Taiwan study finds sight of sexy women makes men act dishonestly

Taiwanese university study finds sight of sexually attractive women makes men behave dishonestly 

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Models at Taipei Game Show. (By Central News Agency)

TAIPEI (Taiwan News) -- A study carried out by a team of Taiwanese professors has found that when presented with the sight of a foxy females, men are more likely to behave dishonestly, reported Psychology Today

The results were from a joint study on the effect images of sexually attractive women have on men, which was carried out by Chiou Wen-bin (邱文彬), a psychologist at National Sun Yat-sen University (NSYU); Cheng Wen (鄭雯), an assistant professor at the Teacher Education Center at NSYU; and Wu Wen-hsiung (吳文雄), a professor at Kaohsiung Medical University (KMU).

The outcomes of the study, titled "Sexy women can tempt men down the road of immorality: Exposure to sexy stimuli leads to increased dishonesty in men," (性感美女能誘使男性墮入不道德之路), have since been published in journals and magazines around the world, including Evolution and Human Behavior, Psychology Today, Pacific Standard, and the Daily Mail. 

When the professors set on their research project, their hypothesis was that from an evolutionary standpoint, when men are stimulated by a motivation to mate, they may exhibit dishonest behaviors to enhance their sexual desirability to prospective female mates. The researchers decided to measure this behavior by exposing male subjects to images of sexually appealing women and then provide them tasks with options to see if they acted dishonestly. 

To carry out the study, Chiou recruited 74 heterosexual men in their early 20s to view photographs of women and rate their sex appeal. Half of the subjects were shown photos of women who had been previously been rated as sexy, while the other half were shown images of woman who were rated low in terms of sex appeal.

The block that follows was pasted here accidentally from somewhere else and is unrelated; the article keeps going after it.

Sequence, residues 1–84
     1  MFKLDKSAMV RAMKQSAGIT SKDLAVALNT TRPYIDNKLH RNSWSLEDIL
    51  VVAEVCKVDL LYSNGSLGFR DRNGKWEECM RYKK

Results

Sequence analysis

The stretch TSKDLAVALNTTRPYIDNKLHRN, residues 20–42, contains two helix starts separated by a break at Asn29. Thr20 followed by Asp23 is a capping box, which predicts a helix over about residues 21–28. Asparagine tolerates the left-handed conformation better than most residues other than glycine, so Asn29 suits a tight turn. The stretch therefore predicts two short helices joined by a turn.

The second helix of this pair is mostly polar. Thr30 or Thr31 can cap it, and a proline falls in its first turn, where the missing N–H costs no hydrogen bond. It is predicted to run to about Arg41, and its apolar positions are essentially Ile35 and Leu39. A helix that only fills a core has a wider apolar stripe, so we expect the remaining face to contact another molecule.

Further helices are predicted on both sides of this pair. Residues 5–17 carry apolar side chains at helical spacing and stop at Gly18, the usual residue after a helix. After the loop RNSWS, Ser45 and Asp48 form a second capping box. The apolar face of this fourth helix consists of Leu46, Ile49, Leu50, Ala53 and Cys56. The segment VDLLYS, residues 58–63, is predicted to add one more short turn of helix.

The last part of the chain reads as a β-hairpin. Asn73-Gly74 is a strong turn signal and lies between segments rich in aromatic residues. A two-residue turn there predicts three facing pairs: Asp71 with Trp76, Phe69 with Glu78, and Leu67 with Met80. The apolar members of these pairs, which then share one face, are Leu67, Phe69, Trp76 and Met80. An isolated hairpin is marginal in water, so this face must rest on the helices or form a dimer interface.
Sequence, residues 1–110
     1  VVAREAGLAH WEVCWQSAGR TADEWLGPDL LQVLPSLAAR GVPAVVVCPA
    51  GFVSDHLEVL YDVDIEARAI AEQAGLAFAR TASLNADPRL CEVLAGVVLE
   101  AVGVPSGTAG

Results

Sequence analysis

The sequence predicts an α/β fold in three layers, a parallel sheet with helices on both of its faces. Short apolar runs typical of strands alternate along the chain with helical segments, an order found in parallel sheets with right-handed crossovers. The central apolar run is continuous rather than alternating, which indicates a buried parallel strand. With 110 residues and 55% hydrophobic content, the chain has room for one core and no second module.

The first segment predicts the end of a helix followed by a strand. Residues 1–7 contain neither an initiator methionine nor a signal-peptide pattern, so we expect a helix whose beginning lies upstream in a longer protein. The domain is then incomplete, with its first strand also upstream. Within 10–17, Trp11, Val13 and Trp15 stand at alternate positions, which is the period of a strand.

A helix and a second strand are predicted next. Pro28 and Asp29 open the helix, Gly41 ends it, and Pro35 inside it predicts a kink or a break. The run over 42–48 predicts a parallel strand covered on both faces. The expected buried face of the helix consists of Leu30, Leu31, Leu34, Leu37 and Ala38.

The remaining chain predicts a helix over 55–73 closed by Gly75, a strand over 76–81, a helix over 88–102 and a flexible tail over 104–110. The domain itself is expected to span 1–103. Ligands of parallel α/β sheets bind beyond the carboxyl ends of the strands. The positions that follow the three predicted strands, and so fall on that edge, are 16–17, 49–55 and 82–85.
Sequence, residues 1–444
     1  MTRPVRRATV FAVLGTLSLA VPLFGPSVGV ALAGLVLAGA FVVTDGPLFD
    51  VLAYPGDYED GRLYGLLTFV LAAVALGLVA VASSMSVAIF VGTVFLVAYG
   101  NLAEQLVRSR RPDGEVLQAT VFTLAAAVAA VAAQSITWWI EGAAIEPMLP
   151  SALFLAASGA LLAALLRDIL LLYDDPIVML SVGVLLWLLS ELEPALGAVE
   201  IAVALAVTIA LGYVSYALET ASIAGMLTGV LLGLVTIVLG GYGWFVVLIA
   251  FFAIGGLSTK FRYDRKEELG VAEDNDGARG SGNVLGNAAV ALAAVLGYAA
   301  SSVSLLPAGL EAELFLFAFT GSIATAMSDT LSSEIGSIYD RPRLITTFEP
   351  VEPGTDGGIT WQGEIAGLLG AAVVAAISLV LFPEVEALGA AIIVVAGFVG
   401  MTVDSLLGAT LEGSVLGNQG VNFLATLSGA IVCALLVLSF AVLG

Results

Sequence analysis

The men were then given what they were led to believe was an unrelated task, which once completed, they were told they would receive an envelope with NT$120 in cash. However some men received envelopes with an extra NT$50 coin. What researchers wanted to then measure, was whether they would be "honest" and return the extra money or be "dishonest" and pocket the extra money for themselves, and of those who pocketed that money, if there be a correlation with being exposed to images of sexually appealing women.


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As a result, only 54.1 percent of the men who viewed images of sexually desirable women, returned the extra cash, while 78.4 percent of the men who had seen less sexually appealing women returned the bonus money. 

Chiou then ran a second study, in which 90 men were shown the same images, after which they were assigned mathematical puzzles with a reward of NT$20 for each one solved within five minutes. After the time elapsed, it was found that 60 percent men who had seen the sexually arousing women had overestimated the number of puzzles they had solved. 

Meanwhile, only 33 percent of the men who saw images of less sexually enticing women claimed more than their fair share of the reward. On average, the group that saw more alluring women took NT$62 more than they deserved, while the group exposed to less desirable-looking women only took NT$24 more than they should have. 

The professors concluded that there indeed seems to be a correlation between an increased stimulation in the motivation to mate and a change in behavior in men that could more immediately appeal to a prospective mate and that this can be seen in everyday life:

"The present findings suggest that ubiquitous sexual stimuli in daily life may be more closely associated with men's morally questionable behavior such as dishonesty or cheating than previously thought. For men whose mating motivation is heightened by exposure to sexual stimuli, dishonesty appears to be a tactic for projecting characteristics preferred by women (e.g., large economic resources)."

The authors of the study said that daily modern life is now replete stimuli to intentionally trigger the mating motivation in males, including models at car and IT expos, sensual social media photos, online pornography, and sexy models used in advertisements for fitness, lingerie, hot spring hotels, and cosmetics. 

Based on the findings, Chiou suggested that men examine or recall whether their own immoral thoughts or impulses were associated with previous sexual stimuli. However, the paradox is that although men are attracted to sexy women, it is easy for them to want to use improper means to pursue them, or in other words, "When men see beautiful women, their honesty declines," said Chiou.

The following are examples of promotional models at typically seen at many trade fairs in Taiwan. 


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